We start with an actor whose performance has ranged from the sublime to the ridiculous, and often in the same film. As Harry’s most consistent antagonist Snape offered up an ambiguous character, often seeming to be more evil that he was. What makes Rickman’s performance legendary are his epic pauses and dangerously slow delivery, as if trying to get as much screen time as his brief dialogue will allow. In the final film Rickman delivers both his slowest speech and his most moving performance. There are few better in this list.
David Bradley as Argus Filch
It’s hard to believe that in the earlier films the major danger was being caught out of bed by Filch, a far cry from the fantastical battles the franchise concludes with. While often a menace to our heroes, Filch was ultimately a fun character bringing two of the biggest laughs in the finale and a warm nostalgic feeling with them.
For the past three hours I have actively avoided writing this review, struggling to stay objective and discuss the film as if it were any other. Harry Potter and the Deathly Hallows: Part 2 could have been just another children’s fantasy adventure, yet another sequel and an adaptation of a previous work, but subjective sentiment and a decade of fandom aside, this is one hell of a film.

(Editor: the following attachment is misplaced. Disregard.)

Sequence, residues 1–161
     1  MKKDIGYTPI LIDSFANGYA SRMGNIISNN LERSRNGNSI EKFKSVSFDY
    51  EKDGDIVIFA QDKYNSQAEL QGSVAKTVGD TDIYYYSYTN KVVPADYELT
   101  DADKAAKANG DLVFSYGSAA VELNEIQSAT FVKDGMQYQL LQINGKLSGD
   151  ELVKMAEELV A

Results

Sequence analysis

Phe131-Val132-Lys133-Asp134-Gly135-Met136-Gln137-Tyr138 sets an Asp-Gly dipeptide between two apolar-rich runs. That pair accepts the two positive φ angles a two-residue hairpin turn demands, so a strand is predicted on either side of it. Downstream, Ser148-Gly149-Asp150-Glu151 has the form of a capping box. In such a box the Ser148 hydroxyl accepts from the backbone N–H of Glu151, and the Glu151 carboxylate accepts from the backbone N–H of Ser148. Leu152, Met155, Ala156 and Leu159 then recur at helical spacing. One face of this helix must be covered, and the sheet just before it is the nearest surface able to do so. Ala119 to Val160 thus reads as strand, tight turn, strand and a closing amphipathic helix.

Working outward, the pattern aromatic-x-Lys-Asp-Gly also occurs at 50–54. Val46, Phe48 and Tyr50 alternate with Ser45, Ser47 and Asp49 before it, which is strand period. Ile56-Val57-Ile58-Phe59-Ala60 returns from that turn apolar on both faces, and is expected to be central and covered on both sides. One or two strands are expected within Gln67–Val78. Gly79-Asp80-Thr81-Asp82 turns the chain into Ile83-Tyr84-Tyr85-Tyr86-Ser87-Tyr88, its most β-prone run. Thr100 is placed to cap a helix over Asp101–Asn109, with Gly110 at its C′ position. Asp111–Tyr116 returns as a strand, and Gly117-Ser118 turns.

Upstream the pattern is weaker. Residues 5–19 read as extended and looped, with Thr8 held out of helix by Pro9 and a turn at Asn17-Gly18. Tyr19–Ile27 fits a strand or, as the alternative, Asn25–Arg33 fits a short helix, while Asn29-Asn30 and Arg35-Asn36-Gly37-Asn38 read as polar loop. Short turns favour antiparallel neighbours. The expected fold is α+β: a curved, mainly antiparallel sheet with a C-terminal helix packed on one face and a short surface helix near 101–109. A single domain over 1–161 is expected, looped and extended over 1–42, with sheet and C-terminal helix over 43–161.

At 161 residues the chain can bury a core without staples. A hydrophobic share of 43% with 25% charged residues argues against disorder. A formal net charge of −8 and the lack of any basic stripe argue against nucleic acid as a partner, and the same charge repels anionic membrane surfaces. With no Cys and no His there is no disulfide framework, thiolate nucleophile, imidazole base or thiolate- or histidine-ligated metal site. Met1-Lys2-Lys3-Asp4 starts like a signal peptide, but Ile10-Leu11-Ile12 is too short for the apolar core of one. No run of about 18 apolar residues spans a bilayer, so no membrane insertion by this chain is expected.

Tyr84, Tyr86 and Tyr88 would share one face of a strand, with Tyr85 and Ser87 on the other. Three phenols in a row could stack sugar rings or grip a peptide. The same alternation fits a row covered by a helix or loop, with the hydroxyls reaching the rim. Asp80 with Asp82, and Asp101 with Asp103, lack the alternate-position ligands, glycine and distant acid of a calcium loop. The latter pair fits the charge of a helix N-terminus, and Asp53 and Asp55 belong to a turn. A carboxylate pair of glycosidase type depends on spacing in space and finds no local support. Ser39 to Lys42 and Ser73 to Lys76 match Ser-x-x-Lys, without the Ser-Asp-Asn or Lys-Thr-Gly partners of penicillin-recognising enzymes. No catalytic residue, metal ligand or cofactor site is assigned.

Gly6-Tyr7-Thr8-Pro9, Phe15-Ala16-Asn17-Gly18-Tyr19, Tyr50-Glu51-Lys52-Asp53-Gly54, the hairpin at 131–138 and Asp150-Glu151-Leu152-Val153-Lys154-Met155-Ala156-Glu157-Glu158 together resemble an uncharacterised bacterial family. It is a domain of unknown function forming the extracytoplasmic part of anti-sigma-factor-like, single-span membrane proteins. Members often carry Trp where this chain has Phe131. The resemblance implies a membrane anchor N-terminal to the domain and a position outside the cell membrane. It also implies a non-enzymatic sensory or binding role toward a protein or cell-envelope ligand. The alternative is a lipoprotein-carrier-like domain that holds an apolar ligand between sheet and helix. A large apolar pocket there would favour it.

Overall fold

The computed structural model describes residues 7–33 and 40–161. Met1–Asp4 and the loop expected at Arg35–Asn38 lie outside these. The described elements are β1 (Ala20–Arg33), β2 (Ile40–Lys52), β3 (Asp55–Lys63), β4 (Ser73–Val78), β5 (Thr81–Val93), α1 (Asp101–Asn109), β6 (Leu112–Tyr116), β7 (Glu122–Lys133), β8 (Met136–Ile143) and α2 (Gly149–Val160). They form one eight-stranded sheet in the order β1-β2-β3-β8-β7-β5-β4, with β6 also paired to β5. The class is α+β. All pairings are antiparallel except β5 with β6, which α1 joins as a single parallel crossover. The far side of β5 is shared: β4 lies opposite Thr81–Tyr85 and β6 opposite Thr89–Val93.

It’s the new biggest surprise of the festival. The King’s Speech is at first sight another stuffy period piece looking at a period of English history while in reality it is a touching and, most importantly, fun film with some soon to be award winning performances.
When did Colin Firth become so good? Firth, Helena Bonham Carter and Geoffrey Rush are all great in their roles, bringing a bit of humanity to historical figures. Timothy Spall, Guy Pearce and Michael Gambon aren’t too shabby either, and Ramona Marquez from Outnumbered pops up as a young Princess Margaret.